Of all of Tom Clancy’s electronic children, Splinter Cell is arguably the most grown up. Telling the story of super spy Sam Fisher, Splinter Cell’s six games have combined high intensity stealth gameplay, with gripping geopolitical thrillers, and a touch of character drama to boot. The success of the original trilogy of games has allowed Ubisoft to take some somewhat questionable risks with the later sequels. Double Agent stuck with the stealth gameplay, but introduced a new hub world and a pseudo-morality system. Conviction deviated from the stealth in favor of a more action oriented gameplay system. Due to this, Blacklist finds itself in the odd position of trying to improve new features, while making the game seem more like the older entries. The results are interesting to say the least.
The story picks up an indeterminate number of years after Conviction with a somehow younger looking Sam and friend Victor working for a PMC. They happen to be at a Military Base at Guam, (weird since they were on the run from the CIA at the end of Conviction), when a mysterious terrorist group called Blacklist attacks the base. Vic is seriously injured and Sam, for some reason, is tasked by the President to prevent Blacklist from carrying out weekly attacks on the homeland. Sam, old hand Grímsdóttir, and new guys Briggs and Charlie form Fourth Echelon in a giant plane (no seriously) to take down the enigmatic organization. If you couldn’t tell, the story isn’t much to write home about, and towards the end it trades coherence for excitement. Nothing about the narrative is bad per say, it’s just very bland.
Luckily the gameplay is anything but boring. The new features in Conviction definitely sped up the pace of the series, but the stealth aspect went completely to hell. Blacklist fixes this by making pure stealth an option again, while still allowing you to use the “Mark & Execute” multiple takedown ability from Conviction. The number of equipment options available to Sam this time around has been significantly increased as well. A myriad of customizable armor, weapons, goggles, and gadgets allow players to tackle the large amount of content the game offers. The only issue with the new systems is that it makes Sam a bit too capable, and as a result you can blow through the campaign, side missions, and co-op in less than half a day.
The fairly robust multiplayer will make up for the campaign's relative brevity, but fans of the original "Spies vs. Mercs" will have mixed feelings about the changes Ubisoft has made. The big deal breakers from Pandora Tomorrow and Chaos Theory have been addressed. Asymmetrical gametypes now have a halftime where each team switches sides, fixing the problem where getting people to play as Mercs was impossible. Plus a number of customizations are now available, greatly increasing the number of possible interactions players can see. What fans won't like is the massive simplification of the new gametypes. Spies can kill mercs with a simple melee attack, greatly reducing the tension the series was known for. There's a deathmatch mode for god's sake. All that said, it's still fun in it's own right, and is good for a laugh or two.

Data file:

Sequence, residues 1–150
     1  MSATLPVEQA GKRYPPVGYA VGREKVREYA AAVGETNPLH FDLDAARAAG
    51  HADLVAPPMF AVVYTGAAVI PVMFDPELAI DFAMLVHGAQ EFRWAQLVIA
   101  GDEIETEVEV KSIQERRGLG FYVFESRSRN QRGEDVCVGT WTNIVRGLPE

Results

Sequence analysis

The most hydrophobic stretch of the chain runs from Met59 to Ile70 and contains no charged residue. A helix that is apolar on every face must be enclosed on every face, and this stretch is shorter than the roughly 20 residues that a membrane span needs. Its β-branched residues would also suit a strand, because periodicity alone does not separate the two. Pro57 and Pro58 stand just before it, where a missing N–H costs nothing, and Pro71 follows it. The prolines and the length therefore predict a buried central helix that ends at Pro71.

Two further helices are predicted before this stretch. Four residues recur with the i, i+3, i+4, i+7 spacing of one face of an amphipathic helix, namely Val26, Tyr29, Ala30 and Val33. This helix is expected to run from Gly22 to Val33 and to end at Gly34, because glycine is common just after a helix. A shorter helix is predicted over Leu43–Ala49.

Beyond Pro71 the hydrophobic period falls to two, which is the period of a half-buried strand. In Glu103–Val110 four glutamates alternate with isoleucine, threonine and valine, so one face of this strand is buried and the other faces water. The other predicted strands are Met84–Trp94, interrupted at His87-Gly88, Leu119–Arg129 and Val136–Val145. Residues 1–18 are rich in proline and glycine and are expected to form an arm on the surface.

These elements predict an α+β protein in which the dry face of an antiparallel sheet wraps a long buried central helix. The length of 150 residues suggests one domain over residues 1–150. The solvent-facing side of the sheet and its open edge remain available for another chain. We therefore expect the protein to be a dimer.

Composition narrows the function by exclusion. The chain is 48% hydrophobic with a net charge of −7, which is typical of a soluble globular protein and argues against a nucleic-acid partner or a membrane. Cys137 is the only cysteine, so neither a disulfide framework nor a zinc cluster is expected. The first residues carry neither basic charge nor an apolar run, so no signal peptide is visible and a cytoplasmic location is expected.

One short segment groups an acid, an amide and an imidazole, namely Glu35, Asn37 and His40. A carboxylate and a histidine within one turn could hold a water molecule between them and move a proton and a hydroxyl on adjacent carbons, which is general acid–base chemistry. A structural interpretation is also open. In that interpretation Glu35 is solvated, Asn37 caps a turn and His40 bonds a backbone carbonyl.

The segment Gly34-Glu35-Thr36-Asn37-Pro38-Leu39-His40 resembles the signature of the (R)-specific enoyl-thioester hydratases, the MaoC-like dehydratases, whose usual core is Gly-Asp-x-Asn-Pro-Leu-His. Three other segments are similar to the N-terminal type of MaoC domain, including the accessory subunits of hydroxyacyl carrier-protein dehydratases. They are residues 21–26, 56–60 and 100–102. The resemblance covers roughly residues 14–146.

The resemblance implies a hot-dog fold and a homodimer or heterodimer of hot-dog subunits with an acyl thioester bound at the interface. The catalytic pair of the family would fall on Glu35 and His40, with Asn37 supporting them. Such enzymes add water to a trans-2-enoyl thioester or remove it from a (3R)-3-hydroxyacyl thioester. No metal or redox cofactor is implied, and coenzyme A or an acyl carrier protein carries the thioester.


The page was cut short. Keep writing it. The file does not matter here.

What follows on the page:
This being a late generation game it looks gorgeous, but what AAA game doesn't these days? The light, and shadows look great and enable the stealth gameplay competently. The voice acting is pretty good all things considered, even if the new guy is no Michael Ironside. Fortunately character actor Carlo Rota fills the void with his turn as the new villain.
If Splinter Cell had ended as a trilogy a lot of fans may have been happier given how much of a hash Ubisoft had made of the series with Double Agent and Conviction. Blacklist, however, brings the series back from the brink, and headed in the right direction. The story may not be back up to code, and the multiplayer has been dumbed down, but compared to most AAA games it's Shakespeare. If you were a fan of the original series, this may be the first next gen entry worth checking out.